Following the hairpin curves of the road cut along the coast between Amalfi and Positano, it's easy to miss Furore, but you should be on the look-out for it and stop. Called "the town that isn't", this charming place is composed of two parts- one on the sea, the other on the mountain.
It is a "non town" because it has no center or main piazza. Instead, it is a scattered collection of houses sprinkled across the rocky cliffs. The hamlet of Fiordo is situated at the foot of the cliff down by the sea, along the SS 163 (national road) between Amalfi and Positano. A mountain pass built during the Republic of Amalfi is the only connection between sea and mountain. Here you will walk through tiny alleys and narrow plots of land miraculously terraced away onto the mountain and cultivated with lots of love.
This small coastal territory, lacking in cultivable lands and scarcely populated, was a land of tenacity, built up by exiles from Amalfi in search of safety. There was an impenetrable fortress that resisted Saracen raids. The first inhabitants became able fishermen, artisans and farmers. Some say they were forced from Amalfi as refugees, others say they left and sought refuge here. Either way, it's a fascinating place that is a "neverland" outside of time and place.
Furore may get its name from the fury of the sea during stormy nights, when the waves crash onto the craggy rocks of the canyon creating a frightening roar. Or it may come from the sheer rock canyon itself, which is a fjord, so Furore could be a derivative of "fiordo". Gradually the locals began to dedicate themselves to fishing, milk pasteurising and craft industry, as evidenced from the old water mills scattered along the fjord's stream. Olive trees, grapevines on terraces scramble up the mountainside, with bowers of bright yellow lemons, red roofs and colourful majolica tiles of the notable bell-tower, the entire scene scented with flowers and highlighted by the deeply blue transparent sea- you will remember this for the rest of your life!
Fiordo has always been a natural port that allowed flourishing commercial traffics. The Fjord of Furore is a unique, natural shelter bursting with natural beauty. Inside it, the opposing faces of the great valley unveils many interesting walks, most notably:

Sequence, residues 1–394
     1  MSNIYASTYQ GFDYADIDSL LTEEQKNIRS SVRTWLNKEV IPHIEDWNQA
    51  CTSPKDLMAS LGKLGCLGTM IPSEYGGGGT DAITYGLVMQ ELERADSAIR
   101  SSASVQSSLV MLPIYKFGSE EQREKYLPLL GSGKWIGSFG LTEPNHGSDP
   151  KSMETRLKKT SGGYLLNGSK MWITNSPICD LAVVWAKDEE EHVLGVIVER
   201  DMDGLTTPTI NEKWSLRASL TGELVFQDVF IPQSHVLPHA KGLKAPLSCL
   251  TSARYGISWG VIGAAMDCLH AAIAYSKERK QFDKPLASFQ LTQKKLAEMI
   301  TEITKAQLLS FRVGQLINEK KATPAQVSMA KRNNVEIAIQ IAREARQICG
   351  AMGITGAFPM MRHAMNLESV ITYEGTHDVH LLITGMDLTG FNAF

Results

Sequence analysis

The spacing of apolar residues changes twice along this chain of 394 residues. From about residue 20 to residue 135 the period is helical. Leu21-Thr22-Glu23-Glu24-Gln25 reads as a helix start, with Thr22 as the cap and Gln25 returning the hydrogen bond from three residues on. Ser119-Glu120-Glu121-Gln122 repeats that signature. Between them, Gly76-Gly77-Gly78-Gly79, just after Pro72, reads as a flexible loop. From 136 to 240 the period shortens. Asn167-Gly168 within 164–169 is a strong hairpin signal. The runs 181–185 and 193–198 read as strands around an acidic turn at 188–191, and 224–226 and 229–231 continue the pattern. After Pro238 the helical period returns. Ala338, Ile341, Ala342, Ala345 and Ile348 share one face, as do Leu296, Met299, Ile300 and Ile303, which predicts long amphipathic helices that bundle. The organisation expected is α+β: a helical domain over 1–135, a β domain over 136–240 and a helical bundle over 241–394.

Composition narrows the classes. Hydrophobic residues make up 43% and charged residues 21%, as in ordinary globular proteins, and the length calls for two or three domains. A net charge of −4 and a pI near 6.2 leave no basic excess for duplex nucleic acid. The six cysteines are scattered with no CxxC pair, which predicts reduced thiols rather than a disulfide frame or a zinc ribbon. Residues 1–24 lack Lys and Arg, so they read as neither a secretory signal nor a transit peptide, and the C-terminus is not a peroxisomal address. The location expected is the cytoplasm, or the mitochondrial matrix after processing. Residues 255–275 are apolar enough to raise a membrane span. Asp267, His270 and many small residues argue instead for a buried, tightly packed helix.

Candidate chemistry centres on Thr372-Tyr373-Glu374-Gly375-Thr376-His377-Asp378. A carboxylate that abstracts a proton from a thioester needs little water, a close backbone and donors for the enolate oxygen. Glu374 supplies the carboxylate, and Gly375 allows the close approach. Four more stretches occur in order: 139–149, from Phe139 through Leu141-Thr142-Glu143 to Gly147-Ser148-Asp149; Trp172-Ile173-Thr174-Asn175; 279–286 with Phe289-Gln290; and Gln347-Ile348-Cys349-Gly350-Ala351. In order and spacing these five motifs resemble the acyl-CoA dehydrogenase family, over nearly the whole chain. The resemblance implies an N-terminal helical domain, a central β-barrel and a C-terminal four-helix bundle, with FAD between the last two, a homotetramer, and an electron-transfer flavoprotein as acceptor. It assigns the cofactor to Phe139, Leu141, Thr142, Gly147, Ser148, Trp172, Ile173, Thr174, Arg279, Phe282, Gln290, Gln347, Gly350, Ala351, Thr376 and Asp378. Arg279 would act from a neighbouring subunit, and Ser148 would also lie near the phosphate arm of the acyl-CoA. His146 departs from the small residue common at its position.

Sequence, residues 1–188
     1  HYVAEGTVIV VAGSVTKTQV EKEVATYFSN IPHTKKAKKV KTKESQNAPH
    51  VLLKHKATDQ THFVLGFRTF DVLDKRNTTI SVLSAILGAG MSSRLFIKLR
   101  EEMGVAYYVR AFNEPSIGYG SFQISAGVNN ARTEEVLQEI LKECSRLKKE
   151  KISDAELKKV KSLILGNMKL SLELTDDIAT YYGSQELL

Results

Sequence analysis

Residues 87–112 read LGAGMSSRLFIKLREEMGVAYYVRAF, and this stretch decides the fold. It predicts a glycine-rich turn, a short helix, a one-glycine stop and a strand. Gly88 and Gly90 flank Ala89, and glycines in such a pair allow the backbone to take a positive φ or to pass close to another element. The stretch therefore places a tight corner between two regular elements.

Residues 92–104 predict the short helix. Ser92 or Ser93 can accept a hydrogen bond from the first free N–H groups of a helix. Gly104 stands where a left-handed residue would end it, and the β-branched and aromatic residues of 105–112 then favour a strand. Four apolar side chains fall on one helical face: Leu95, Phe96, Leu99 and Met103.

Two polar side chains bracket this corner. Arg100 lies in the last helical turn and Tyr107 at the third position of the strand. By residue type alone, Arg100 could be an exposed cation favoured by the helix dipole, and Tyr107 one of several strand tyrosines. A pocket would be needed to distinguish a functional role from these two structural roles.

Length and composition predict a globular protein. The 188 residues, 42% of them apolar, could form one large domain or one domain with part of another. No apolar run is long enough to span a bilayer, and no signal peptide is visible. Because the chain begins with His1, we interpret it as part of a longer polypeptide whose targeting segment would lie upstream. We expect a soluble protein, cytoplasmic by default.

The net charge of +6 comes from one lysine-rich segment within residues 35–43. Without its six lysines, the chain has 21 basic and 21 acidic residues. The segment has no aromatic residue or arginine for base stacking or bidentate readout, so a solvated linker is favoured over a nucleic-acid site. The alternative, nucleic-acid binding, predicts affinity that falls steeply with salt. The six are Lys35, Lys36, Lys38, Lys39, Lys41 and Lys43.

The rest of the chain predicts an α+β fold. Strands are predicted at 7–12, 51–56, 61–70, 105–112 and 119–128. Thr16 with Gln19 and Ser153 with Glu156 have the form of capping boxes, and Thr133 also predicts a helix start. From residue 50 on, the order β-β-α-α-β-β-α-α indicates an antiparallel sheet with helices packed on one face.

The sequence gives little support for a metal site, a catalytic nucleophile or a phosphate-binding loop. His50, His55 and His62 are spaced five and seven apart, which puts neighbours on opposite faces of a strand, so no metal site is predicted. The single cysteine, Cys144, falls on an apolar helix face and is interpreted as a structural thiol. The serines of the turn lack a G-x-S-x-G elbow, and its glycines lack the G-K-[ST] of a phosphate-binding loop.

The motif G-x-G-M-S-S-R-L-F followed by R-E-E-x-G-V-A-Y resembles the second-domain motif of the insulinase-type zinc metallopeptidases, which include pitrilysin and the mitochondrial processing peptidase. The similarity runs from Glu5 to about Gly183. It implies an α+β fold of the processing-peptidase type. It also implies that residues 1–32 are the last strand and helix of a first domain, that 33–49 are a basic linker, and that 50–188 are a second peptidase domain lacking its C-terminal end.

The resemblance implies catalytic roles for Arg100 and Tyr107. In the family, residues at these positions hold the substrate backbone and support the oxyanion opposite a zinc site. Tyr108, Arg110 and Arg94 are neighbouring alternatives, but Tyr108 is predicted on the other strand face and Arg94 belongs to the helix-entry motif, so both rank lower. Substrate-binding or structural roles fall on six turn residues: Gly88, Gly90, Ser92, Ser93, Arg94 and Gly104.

- "La Volpe Pescatrice Path" (The Fishing Fox). The old fishermen's village, with its two characteristic stairways, acts as the starting point for this trail which winds through dense Mediterranean colours to arrive at the grounds of the Furore Inn Resort and the Resort's exclusive restaurant, which took the name of the trail. Caves appear among the calcareous valley walls in which peregrine falcons nest.
- "I Pipistrelli Impazziti" Path (The Crazed Bats). On the eastern side of the valley a well marked botanical trail leading to Punta Tavola near Conca De Marini. The trail, which winds between holm-oaks and carob trees, passes the mills and the canals to arrive at the solitary and now-silent paper mill, the so-called "kingdom of the bats". Visit the church of St Elia, built in the XIII century, where you can see a triptych of Angelo Antonello da Capua.
From the coast road you can walk down 200 steps to a hidden beach, or you can climb the steps up to the "non town". There are a few sights in Furore, including the Eco Museum, dedicated to the pre-industrial crafts and agriculture of the area, which includes displays on the paper making, an herb garden, and local liqueurs and artisan products. It is on Via Anna Magnani, an Italian actress who came to live here at the Villa Della Storta, a love nest hideaway she shared with Roberto Rossellini, where a museum is dedicated to the pair of famous actors.
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